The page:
The Internet abounds with wellness blogs that recommend yoga for a better sex life, as well as personal accounts of the practice improving sexual experience — often to an enviable degree. Does the research back up these claims, however? We investigate.
Yoga can be a relaxing and enjoyable way to enhance our sex lives.
Modern research is only just starting to unpack the numerous health benefits of the ancient practice of yoga.
Some conditions that yoga reportedly helps with include depression, stress, and anxiety, as well as metabolic syndrome, diabetes, and thyroid problems.
Recent studies have also delved into the more complex mechanisms behind such benefits.
It turns out that yoga lowers the body's inflammatory response, counters the genetic expression that predisposes people to stress, lowers cortisol, and boosts a protein that helps the brain grow and stay young and healthy.
On top of all its benefits, we must add, it just feels good. Sometimes — if we're to believe the hype around the mythical coregasm during yoga — it feels really, really good.
Getting in touch with our bodies can feel replenishing, restorative, and physically pleasurable. However, can yoga's yummy poses improve our sex lives? We take a look at the research.
Yoga improves sexual function in women
One often-referenced study that was published in The Journal of Sexual Medicine found that yoga can indeed improve sexual function — particularly in women over the age of 45.
The triangle pose was among those shown to improve sexual function — particularly in older women.
The study examined the effects of 12 weeks of yoga on 40 women who self-reported on their sexual function before and after the yoga sessions.
After the 12-week period, the women's sexual function had significantly improved across all sections of the Female Sexual Function Index: "desire, arousal, lubrication, orgasm, satisfaction, and pain."
As many as 75 percent of the women reported an improvement in their sex life after yoga training.
As part of the study, all of the women were trained on 22 poses, or yogasanas, which are believed to improve core abdominal muscles, improve digestion, strengthen the pelvic floor, and improve mood.
Some poses included trikonasana (also known as the triangle pose), bhujangasana (the snake), and ardha matsyendra mudra (half spinal twist). The full list of asanas can be accessed here.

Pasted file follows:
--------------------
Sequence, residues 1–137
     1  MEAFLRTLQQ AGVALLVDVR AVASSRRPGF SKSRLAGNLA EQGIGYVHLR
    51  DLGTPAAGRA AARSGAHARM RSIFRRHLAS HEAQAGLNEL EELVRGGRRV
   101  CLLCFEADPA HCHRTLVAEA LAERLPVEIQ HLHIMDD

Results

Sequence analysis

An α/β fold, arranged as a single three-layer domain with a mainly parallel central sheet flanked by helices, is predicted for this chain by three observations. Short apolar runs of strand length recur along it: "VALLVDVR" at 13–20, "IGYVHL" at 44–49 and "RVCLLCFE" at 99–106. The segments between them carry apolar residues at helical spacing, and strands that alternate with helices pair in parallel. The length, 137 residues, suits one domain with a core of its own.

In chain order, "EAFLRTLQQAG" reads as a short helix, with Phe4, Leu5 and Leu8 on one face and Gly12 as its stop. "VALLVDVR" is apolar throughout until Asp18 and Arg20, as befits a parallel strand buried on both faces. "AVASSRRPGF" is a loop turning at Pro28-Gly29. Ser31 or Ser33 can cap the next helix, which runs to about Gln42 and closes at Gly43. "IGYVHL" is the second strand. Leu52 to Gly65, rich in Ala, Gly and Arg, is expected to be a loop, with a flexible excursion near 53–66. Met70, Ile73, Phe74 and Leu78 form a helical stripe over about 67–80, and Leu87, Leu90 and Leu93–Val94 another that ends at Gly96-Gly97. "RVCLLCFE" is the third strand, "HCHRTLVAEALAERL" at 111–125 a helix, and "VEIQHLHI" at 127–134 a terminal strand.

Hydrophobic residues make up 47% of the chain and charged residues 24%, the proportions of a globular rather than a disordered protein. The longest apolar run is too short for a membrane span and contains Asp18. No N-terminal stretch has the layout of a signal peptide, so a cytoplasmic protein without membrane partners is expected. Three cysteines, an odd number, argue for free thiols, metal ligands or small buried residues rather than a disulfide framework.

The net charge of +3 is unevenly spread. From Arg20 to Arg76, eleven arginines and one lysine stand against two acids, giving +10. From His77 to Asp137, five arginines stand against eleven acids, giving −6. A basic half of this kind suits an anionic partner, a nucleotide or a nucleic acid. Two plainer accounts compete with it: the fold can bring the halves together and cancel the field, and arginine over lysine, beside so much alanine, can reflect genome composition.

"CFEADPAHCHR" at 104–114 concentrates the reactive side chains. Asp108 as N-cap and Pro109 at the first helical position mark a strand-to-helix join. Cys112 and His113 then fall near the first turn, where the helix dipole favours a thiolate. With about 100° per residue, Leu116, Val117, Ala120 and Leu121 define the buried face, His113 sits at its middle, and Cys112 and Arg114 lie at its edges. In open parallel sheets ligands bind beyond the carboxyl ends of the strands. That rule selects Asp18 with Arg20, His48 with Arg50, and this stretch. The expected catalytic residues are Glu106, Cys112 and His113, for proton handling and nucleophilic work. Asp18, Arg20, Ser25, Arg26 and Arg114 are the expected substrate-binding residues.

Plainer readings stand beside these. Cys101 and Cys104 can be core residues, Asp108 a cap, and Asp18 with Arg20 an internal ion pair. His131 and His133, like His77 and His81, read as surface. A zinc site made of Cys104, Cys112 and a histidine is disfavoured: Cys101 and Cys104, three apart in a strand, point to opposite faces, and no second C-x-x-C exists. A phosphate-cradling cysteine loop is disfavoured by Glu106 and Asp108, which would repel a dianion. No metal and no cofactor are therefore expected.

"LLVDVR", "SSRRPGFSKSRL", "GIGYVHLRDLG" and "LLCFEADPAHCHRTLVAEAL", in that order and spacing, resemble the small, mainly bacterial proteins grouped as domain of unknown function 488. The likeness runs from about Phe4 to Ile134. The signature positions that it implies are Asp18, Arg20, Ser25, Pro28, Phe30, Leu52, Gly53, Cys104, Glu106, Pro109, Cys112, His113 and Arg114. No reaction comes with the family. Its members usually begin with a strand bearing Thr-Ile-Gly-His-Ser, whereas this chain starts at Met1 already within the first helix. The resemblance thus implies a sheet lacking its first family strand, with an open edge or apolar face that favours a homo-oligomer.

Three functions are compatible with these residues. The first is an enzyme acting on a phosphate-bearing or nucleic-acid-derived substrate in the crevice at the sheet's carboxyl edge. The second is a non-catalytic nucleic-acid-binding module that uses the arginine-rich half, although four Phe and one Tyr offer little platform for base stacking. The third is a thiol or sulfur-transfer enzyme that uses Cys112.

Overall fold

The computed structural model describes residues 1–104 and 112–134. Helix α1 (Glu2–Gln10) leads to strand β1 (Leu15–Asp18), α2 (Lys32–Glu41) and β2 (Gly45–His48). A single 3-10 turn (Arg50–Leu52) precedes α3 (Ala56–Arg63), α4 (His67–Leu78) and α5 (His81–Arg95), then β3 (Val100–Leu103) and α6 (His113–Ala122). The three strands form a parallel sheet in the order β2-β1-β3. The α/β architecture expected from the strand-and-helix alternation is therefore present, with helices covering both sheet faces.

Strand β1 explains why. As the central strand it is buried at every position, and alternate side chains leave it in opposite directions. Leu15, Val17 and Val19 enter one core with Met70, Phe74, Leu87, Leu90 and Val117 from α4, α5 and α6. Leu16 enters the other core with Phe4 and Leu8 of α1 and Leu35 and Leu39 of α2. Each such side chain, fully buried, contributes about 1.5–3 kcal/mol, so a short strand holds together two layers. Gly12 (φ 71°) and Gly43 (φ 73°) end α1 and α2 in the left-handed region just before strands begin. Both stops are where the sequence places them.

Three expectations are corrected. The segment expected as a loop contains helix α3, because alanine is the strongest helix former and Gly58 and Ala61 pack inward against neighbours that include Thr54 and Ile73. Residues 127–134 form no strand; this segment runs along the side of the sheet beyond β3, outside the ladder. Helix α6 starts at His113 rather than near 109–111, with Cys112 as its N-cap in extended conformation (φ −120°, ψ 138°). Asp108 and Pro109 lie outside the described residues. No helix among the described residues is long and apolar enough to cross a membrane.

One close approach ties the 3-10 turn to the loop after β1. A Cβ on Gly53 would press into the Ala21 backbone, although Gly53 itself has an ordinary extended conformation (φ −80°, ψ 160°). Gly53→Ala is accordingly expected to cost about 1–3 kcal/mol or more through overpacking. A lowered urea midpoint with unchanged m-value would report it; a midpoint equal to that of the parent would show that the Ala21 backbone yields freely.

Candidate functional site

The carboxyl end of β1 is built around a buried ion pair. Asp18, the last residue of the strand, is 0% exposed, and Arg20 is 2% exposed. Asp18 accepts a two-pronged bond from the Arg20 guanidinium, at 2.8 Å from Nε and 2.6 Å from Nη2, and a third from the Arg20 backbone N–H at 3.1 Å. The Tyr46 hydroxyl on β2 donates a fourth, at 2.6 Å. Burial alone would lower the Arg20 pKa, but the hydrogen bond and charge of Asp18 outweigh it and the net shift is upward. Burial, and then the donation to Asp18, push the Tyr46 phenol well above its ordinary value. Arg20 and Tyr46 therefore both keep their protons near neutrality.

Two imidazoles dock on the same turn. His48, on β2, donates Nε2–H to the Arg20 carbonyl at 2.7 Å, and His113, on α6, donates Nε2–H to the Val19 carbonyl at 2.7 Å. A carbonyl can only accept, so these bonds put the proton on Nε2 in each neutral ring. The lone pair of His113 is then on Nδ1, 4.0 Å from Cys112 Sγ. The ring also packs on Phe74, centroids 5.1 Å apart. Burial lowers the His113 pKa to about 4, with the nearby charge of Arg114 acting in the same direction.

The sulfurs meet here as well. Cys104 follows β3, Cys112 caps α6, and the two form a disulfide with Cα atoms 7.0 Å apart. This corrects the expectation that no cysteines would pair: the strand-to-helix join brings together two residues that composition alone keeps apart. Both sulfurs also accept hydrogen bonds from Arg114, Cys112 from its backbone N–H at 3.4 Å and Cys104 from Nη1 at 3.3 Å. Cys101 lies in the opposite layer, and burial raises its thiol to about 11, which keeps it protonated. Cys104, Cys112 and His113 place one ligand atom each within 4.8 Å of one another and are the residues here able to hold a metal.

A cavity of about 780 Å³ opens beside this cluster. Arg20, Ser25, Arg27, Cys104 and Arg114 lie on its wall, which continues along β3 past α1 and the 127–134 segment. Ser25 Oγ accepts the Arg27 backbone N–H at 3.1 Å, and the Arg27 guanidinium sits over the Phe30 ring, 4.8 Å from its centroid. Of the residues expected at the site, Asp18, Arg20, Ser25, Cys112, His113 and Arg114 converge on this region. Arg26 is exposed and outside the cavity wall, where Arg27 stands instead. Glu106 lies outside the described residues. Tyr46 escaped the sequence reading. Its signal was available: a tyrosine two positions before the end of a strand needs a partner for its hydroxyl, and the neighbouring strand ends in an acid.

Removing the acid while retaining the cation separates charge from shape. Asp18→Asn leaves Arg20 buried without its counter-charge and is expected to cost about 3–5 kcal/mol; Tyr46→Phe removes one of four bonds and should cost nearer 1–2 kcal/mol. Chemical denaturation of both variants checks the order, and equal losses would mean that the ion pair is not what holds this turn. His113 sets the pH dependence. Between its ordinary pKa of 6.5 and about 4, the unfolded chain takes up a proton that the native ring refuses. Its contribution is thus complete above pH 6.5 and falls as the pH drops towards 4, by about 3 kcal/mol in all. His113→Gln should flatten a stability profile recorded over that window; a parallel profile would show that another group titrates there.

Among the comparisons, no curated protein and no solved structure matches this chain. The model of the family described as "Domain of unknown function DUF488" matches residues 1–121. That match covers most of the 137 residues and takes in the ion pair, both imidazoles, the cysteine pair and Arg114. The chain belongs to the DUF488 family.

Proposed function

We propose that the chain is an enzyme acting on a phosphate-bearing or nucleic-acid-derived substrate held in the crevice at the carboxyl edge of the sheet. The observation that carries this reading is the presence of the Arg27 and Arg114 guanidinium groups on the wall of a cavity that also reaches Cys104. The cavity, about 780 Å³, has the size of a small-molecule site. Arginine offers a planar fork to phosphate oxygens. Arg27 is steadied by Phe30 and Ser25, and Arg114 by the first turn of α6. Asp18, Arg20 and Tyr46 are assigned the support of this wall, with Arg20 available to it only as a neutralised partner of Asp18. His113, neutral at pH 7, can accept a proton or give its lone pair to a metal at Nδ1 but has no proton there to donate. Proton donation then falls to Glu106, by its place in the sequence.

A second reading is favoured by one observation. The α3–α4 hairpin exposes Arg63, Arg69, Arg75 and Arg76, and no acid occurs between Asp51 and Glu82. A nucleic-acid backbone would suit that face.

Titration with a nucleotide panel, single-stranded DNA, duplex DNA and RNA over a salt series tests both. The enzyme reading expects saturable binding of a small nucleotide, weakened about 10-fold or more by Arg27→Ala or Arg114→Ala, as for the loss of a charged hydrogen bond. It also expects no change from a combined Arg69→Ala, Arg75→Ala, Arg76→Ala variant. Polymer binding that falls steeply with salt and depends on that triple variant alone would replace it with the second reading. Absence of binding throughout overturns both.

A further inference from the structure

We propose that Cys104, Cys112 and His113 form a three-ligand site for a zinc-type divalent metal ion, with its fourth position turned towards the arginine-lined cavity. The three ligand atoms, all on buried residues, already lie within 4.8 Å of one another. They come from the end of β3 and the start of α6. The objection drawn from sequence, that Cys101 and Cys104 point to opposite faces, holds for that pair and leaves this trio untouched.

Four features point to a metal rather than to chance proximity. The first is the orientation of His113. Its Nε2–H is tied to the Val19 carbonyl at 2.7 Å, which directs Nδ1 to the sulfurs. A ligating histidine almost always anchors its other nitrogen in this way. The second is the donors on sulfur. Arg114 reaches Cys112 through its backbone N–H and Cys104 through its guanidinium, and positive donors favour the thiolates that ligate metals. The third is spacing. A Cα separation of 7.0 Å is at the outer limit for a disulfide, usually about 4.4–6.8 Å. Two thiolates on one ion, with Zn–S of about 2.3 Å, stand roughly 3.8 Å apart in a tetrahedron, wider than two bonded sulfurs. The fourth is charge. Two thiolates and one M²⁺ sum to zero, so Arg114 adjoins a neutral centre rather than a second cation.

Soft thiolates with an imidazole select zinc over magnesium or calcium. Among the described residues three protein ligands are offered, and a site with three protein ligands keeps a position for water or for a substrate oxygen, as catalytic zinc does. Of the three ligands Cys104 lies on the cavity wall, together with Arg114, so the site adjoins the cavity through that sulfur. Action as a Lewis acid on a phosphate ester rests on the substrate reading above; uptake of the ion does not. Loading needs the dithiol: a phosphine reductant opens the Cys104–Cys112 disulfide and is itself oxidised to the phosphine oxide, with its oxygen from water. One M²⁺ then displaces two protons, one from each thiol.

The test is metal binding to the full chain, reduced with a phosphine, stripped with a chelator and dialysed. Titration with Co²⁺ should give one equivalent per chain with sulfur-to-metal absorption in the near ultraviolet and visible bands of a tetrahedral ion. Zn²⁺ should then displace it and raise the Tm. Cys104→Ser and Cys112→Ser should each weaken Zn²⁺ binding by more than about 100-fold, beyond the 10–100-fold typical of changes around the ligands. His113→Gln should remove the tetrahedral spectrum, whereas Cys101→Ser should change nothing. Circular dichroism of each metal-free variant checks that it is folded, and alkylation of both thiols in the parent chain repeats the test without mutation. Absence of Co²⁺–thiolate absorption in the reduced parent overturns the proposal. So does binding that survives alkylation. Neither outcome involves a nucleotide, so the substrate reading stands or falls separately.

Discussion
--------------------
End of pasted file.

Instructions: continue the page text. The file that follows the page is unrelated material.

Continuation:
Yoga improves sexual function in men
Yoga doesn't benefit just women. An analogous study led Dr. Vikas Dhikav, who's a neurologist at the Dr. Ram Manohar Lohia Hospital in New Delhi, India, examined the effects of a 12-week yoga program on the sexual satisfaction of men.
The bow pose may improve sexual performance in men.
At the end of the study period, the participants reported a significant improvement in their sexual function, as evaluated by the standard Male Sexual Quotient.
The researchers found improvements across all aspects of male sexual satisfaction: "desire, intercourse satisfaction, performance, confidence, partner synchronization, erection, ejaculatory control, [and] orgasm."
Also, a comparative trial carried out by the same team of researchers found that yoga is a viable and nonpharmacological alternative to fluoxetine (brand name Prozac) for treating premature ejaculation.
It included 15 yoga poses, ranging from easier ones (such as Kapalbhati, which involves sitting with your back straight in a crossed-legged position, with the chest open, eyes closed, hands on knees, and abdominal muscles contracted) to more complex ones (such as dhanurasana, or the "bow pose").
Yogic mechanisms for better sex
How does yoga improve one's sex life, exactly? A review of existing literature led by researchers at the Department of Obstetrics and Gynaecology, from the University of British Columbia (UBC) in Vancouver, Canada, helps us elucidate some of its sex-enhancing mechanisms.
Yoga could help partners enjoy better sex.
Dr. Lori Brotto, a professor in the Department of Obstetrics & Gynaecology at UBC, is the first author of the review.
Dr. Brotto and colleagues explain that yoga regulates attention and breathing, lowers anxiety and stress, and regulates parasympathetic nervous activity — that is, it activates the part of the nervous system that tells your body to stop, relax, rest, digest, lower the heart rate, and triggers any other metabolic processes that induce relaxation.
"All of these effects are associated with improvements in sexual response," write the reviewers, so it is "reasonable that yoga might also be associated with improvements in sexual health."
There are also psychological mechanisms at play. "Female practitioners of yoga have been found to be less likely to objectify their bodies," explain Dr. Brotto and her colleagues, "and to be more aware of their physical selves."
"This tendency, in turn, may be associated with increased sexual responsibility and assertiveness, and perhaps sexual desires."